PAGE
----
Lee A. Wilkinson, PhD, is a licensed and nationally certified school psychologist, chartered psychologist, and certified cognitive-behavioral therapist. He is author of the award-winning books, A Best Practice Guide to Assessment and Intervention for Autism and Asperger Syndrome in Schools and Overcoming Anxiety and Depression on the Autism Spectrum: A Self-Help Guide Using CBT. He is also editor of a best-selling text in the American Psychological Association (APA) School Psychology Book Series, Autism Spectrum Disorder in Children and Adolescents: Evidence-Based Assessment and Intervention in SchoolsHis latest book is A Best Practice Guide to Assessment and Intervention for Autism Spectrum Disorder in Schools (2nd Edition).

Saturday, April 4, 2020

Multi-Tiered Screening for Autism in Schools


Autism Awareness Month

A Multi-Tiered Approach to Screening for Autism in Schools

There has been a dramatic worldwide increase in reported cases of autism over the past decade. Yet, compared to population estimates, identification rates have not kept pace in our schools. It is not unusual for children with less severe symptoms of ASD to go unidentified until well after entering school. As a result, it is critical that school-based support personnel (e.g., school psychologists, special educators, school counselors, speech/language pathologists, and social workers) give greater priority to case finding and screening to ensure that children with ASD are identified and have access to the appropriate programs and services. 

 Screening and Identification
Until recently, there were few validated screening measures available to assist school professionals in the identification of students with the core ASD-related behaviors. However, our knowledge base is expanding rapidly and we now have reliable and valid tools to screen and evaluate children more efficiently and with greater accuracy. The following tools have demonstrated utility in screening for ASD in educational settings and can be used to determine which children are likely to require further assessment and/or who might benefit from additional support. All measures have sound psychometric properties, are appropriate for school-age children, and time efficient (10 to 20 minutes to complete). Training needs are minimal and require little or no professional instruction to complete. However, interpretation of results requires familiarity with ASD and experience in administering, scoring, and interpreting psychological tests.
The Autism Spectrum Rating Scales (ASRS; Goldstein & Naglieri, 2009) is a norm-referenced tool designed to effectively identify symptoms, behaviors, and associated features of ASD in children and adolescents from 2 to 18 years of age. The ASRS can be completed by teachers and/or parents and has both long and short forms. The Short form was developed for screening purposes and contains 15 items from the full-length form that have been shown to differentiate children diagnosed with ASD from children in the general population. High scores indicate that many behaviors associated with ASD have been observed and follow-up recommended.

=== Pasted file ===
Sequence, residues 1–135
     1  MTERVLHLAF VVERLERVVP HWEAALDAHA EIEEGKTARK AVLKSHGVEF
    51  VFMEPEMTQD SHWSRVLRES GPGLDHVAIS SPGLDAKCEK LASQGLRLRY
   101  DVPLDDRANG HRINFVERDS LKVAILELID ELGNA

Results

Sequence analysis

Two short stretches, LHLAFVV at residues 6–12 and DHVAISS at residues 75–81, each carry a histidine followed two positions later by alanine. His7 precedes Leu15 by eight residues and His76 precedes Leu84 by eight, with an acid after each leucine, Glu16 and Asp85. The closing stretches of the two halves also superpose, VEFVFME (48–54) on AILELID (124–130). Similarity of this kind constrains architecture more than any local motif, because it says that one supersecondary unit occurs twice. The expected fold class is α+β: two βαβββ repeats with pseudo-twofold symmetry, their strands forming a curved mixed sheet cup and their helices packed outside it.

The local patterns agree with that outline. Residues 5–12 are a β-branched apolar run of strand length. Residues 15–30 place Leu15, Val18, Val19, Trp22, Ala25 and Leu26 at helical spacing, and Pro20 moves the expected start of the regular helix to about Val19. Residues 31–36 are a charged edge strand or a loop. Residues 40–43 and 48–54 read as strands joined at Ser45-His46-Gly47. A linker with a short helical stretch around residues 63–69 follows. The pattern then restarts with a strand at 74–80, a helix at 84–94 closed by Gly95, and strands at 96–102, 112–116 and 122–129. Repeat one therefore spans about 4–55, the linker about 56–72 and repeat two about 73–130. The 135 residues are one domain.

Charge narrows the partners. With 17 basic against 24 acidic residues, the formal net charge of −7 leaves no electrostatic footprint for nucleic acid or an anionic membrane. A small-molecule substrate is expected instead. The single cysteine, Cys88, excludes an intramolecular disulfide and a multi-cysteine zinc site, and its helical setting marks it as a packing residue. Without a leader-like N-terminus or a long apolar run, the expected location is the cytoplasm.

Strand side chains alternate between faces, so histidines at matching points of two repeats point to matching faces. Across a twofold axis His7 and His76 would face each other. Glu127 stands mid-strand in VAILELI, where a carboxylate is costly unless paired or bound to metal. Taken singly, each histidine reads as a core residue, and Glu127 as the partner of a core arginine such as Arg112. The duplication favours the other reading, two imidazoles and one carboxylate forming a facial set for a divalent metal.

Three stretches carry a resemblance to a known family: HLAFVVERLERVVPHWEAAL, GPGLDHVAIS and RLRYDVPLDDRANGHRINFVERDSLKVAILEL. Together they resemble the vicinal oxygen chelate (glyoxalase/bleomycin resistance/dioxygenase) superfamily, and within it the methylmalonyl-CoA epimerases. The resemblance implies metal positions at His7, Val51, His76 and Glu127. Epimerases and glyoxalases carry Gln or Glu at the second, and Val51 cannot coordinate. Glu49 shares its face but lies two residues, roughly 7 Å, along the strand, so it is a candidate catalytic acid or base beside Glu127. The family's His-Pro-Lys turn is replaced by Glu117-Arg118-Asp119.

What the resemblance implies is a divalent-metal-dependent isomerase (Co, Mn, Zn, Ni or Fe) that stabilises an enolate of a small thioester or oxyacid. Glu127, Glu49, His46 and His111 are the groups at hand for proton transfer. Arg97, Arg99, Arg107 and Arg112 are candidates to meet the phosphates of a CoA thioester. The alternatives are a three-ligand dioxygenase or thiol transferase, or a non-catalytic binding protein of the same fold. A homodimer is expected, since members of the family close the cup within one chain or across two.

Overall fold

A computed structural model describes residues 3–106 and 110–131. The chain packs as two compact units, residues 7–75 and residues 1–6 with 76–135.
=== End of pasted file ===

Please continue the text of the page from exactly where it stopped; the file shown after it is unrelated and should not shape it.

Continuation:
The Social Communication Questionnaire (SCQ; Rutter, Bailey, & Lord, 2003), previously known as the Autism Screening Questionnaire (ASQ), is a parent/caregiver dimensional measure of ASD symptomatology appropriate for children of any chronological age older than four years. It is available in two forms, Lifetime and Current, each with 40 questions. Scores on the questionnaire provide a reasonable index of symptom severity in the reciprocal social interaction, communication, and restricted/repetitive behavior domains and indicate the likelihood that a child has an ASD. The lifetime version is recommended for screening purposes as it demonstrates the highest sensitivity value. 
The Social Responsiveness Scale, Second Edition (SRS-2; Constantino & Gruber, 2012) is a brief quantitative measure of autistic behaviors in 4 to 18 year old children and youth. This 65-item rating scale was designed to be completed by an adult (teacher and/or parent) who is familiar with the child’s current behavior and developmental history. The SRS items measure the ASD symptoms in the domains of social awareness, social information processing, reciprocal social communication, social anxiety/avoidance, and stereotypic behavior/restricted interests. The scale provides a Total Score that reflects the level of severity across the entire autism spectrum.
A Multi-Tier Screening Strategy
The ASRS, SCQ, and SRS-2 can be used confidently as efficient first-level screening tools for identifying the presence of the more broadly defined and subtle symptoms of higher-functioning ASD in school settings. School-based professionals should consider the following multi-step strategy for identifying at-risk students who are in need of an in-depth assessment.
Tier  one. The initial step is case finding. This involves the ability to recognize the risk factors and/or warning signs of ASD. All school professionals should be engaged in case finding and be alert to those students who display atypical social and/or communication behaviors that might be associated with ASD. Parent and/or teacher reports of social impairment combined with communication and behavioral concerns constitute a “red flag” and indicate the need for screening. Students who are identified with risk factors during the case finding phase should be referred for formal screening.